The 2m saltwater crocodile that was spotted near the Pirate Ship Playground at northern end of the Cairns Esplanade.
The 2m saltwater crocodile that was spotted near the Pirate Ship Playground at northern end of the Cairns Esplanade.

Croc chased from playground area

A FISHERMAN who claims to have scared a small crocodile away from the Cairns Esplanade says people need to be wary of the reptiles, as croc breeding season commences.

Rangers have been monitoring the northern end of the foreshore, near the Pirate Ship Playground, after two crocodiles were spotted there by several people on Friday morning.

One of the crocodiles was estimated to be about 4m long, while the other - which swam along the shoreline - was less than 2m long.

Cairns fisher Dan Hammersley, who was in the area at the time, claimed he chased the smaller croc away.

"I charged at it from a distance several times to scare it away from the beach," he said.

"It had just been hanging around. As soon as it saw me, it just took off. It clearly didn't want to be anywhere near humans."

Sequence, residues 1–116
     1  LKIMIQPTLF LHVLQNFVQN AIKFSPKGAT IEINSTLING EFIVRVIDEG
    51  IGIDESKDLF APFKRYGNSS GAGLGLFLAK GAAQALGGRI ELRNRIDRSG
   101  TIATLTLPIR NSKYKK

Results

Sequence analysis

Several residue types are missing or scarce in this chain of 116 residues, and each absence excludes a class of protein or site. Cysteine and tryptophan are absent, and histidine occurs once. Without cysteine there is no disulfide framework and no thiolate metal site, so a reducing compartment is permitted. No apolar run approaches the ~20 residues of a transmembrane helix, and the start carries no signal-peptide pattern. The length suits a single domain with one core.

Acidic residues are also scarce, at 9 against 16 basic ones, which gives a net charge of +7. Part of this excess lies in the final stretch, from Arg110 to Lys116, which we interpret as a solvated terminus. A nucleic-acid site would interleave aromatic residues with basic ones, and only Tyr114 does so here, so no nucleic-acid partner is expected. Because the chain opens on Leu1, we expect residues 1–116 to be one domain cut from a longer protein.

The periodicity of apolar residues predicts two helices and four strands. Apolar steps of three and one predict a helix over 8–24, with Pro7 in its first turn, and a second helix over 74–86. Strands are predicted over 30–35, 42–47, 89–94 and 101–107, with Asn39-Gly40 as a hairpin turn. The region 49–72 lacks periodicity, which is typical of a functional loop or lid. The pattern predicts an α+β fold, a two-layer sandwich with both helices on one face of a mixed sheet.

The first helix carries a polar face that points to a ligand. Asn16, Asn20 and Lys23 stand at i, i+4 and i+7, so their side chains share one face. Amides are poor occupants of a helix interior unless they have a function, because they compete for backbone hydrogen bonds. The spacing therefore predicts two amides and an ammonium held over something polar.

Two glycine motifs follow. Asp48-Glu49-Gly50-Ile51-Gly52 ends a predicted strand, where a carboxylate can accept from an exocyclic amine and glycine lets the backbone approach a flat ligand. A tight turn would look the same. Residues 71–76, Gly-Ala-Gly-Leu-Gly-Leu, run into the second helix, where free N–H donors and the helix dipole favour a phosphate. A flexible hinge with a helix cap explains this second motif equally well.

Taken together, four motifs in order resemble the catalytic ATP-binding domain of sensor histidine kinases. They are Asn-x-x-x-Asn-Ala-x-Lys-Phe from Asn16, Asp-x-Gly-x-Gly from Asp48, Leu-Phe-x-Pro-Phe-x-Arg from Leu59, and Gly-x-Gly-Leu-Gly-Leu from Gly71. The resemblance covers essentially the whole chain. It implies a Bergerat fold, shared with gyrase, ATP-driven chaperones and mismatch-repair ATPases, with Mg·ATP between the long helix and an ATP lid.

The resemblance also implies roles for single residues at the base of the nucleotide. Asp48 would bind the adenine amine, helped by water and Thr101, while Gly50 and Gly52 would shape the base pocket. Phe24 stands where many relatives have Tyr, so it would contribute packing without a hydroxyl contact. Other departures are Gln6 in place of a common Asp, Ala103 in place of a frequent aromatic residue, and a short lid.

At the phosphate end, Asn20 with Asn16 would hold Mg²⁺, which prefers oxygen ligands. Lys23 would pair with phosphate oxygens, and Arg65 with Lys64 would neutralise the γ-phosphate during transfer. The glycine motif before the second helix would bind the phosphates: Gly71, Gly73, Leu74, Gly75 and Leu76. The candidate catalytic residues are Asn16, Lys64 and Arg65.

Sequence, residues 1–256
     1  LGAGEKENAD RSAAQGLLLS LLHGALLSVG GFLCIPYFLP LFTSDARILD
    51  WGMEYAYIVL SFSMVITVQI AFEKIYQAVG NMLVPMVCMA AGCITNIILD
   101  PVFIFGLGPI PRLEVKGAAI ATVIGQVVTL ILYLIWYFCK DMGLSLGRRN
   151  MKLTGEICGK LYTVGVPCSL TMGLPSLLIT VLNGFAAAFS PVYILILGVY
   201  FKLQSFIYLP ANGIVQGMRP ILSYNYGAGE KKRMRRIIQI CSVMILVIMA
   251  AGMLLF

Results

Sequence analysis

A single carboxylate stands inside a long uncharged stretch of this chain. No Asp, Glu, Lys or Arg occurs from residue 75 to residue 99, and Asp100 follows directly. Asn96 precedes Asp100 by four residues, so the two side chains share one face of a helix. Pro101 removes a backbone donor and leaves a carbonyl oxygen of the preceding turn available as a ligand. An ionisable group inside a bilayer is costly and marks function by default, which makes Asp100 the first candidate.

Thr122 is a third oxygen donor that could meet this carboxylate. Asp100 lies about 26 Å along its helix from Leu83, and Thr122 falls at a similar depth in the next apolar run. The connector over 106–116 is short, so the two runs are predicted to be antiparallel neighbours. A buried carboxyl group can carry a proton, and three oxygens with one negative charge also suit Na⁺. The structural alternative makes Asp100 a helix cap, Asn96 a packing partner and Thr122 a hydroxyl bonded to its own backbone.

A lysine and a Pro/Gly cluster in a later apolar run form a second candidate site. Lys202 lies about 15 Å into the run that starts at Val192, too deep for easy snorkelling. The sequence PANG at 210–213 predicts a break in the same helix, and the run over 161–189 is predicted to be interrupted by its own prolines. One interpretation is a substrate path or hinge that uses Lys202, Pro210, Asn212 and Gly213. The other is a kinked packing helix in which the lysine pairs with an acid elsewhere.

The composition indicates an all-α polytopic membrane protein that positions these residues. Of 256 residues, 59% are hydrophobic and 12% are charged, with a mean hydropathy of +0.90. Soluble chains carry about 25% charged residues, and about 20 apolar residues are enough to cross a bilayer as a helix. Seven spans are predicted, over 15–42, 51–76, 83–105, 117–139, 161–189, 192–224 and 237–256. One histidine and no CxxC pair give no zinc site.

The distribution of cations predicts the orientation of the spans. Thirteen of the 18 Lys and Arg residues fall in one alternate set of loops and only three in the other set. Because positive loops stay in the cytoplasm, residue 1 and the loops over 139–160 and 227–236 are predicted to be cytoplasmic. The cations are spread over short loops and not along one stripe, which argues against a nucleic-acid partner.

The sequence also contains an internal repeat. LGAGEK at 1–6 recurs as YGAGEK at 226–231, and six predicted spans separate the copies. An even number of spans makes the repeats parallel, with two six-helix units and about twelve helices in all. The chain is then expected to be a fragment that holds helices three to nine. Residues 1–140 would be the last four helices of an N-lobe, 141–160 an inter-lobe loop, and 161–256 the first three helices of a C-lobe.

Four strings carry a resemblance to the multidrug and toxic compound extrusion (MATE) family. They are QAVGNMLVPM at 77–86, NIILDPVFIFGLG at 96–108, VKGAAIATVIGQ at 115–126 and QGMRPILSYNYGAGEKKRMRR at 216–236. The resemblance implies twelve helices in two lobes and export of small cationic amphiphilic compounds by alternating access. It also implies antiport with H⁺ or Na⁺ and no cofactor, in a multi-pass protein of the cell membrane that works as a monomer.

The Cairns Esplanade is regarded as croc territory but it is unusual to see the reptiles close to the city, especially during daylight.

Mr Hammersley, who is the administrator of the social media-based FNQ and Cairns Fishing Group, believes the smaller crocodile had been displaced from its regular home by a bigger croc.

"Being breeding season, I'm presuming that these crocodiles have been chased out of those creeks by a bigger male that's looking for a female to breed with," he said.

"So we'll probably see more increased (croc) activity over the coming months."

He advised water users to be croc-wise and "be smarter with their actions".

The department's wildlife officers surveyed the area on Friday but its spokeswoman said the rangers had not seen the two animals again.

Crocodile warning signs have recently been erected near the playground.

Dalrymple MP Shane Knuth said the presence of the crocodiles so close to a children's playground was "unacceptable."

"It is a clear threat and danger to not only human life, but to the entire tourism industry in North Queensland," he said.

He said he was astounded to hear EHP's wildlife officers had only monitored the site and erected warning signs.

"How much more of a danger can there be than a croc 50m away from a children's playground?" he said.

"A zero-tolerance policy and immediate removal should apply for any crocodiles sighted in populated, residential areas."



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